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1st February 2021 - back to news index

Indoor Air Quality: A New Challenge for the HVAC Industry

As reported previously, indoor air quality has always been important for health, and keeping your staff healthy is a key way to maintain and increase productivity. The 2020 COVID-19 pandemic has added a new dimension to this.

Early in the year, some restaurant customers in Guangzhou, China, were infected with coronavirus apparently by another customer. The journal "Emerging Infectious Diseases" published findings suggesting it was possible that the air-conditioning system could have played a part in this early infection. Both mainstream and social media reported this as proof of causation, although scientific research is still ongoing.

Subsequently, the World Health Organisation has said that they cannot rule out transmission of COVID and other coronaviruses via droplets in the air in "crowded, closed or poorly ventilated settings". In relation to the Heating, Ventilation and Air Conditioning (HVAC) industry, Alfonso Oliva, Market Intelligence Consultant for the UK's Building Services Research and Information Association (BSRIA) stated that "Awareness of the health consequences of pollutant exposure, either organic or chemical, has increased," and emphasised the need to consider this from the design stage./p>

One challenge is how to reduce the chances of diseases being transmitted through such systems. This is accompanied by other concerns, such as environmental and economic factors involved in design and specifications of commercial HVAC systems. One suggestion is to increase use of outdoor air ventilation, higher efficiency filtration and purification. This would help, but would also increase electricity consumption, as the higher air pressure needed for efficient filtration requires more powerful fans. In warmer climates, natural ventilation is the traditional way to remove moisture, prevent stagnation of indoor air and reduce the spread of airborne disease.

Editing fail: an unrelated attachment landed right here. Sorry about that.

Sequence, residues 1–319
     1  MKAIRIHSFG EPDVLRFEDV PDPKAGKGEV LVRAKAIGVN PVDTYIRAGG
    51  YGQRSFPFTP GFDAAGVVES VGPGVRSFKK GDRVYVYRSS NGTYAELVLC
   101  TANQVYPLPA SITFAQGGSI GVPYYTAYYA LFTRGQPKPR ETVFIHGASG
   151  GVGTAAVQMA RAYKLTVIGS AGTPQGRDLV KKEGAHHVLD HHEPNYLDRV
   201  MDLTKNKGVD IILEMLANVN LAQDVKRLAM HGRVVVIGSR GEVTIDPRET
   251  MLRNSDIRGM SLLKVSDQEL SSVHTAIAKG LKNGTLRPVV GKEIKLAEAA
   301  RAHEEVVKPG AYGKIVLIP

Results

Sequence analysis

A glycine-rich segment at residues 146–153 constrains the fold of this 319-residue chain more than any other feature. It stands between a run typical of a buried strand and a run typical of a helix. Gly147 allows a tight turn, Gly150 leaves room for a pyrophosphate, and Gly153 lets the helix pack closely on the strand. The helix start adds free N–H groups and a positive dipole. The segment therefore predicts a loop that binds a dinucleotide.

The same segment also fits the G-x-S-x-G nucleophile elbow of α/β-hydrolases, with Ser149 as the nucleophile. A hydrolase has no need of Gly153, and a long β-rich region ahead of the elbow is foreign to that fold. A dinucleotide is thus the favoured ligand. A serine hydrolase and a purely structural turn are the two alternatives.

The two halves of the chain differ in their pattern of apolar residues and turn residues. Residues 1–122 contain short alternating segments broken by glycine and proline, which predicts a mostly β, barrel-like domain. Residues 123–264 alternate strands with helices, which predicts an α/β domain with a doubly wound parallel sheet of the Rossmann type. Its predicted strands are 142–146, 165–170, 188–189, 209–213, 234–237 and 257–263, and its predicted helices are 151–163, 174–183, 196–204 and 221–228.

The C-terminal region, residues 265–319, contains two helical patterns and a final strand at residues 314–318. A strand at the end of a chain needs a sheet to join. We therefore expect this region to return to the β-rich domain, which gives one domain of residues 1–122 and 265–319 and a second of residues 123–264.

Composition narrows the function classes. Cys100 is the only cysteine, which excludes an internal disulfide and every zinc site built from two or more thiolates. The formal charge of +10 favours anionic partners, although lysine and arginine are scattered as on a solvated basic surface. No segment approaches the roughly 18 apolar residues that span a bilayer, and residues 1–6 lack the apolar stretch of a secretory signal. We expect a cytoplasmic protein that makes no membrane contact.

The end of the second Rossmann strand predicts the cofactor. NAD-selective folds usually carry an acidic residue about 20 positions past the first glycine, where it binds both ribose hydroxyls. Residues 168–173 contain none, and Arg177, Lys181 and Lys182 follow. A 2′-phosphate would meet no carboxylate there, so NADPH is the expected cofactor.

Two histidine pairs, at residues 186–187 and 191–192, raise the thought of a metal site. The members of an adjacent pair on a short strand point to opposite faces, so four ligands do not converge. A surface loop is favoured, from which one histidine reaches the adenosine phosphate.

Poor ventilation can increase exposure to all kinds of disease-causing contaminants, and various standards exist for different industries. Aeroplanes use HEPA filters that remove over 99% of bacteria and viruses. The buildings with the most stringent regulations are healthcare facilities while homes and hospitality buildings need to apply less rigorous standards. But observance of these standards varies greatly.

Because needs differ, there is no single system to suit everyone and customised ventilation systems could prove prohibitively expensive. Regulations are sure to be strengthened after COVID-19, forcing developers to comply more effectively with indoor air quality requirements. For now we must await results of current research, while the HVAC industry works to find a compromise between all these important issues.

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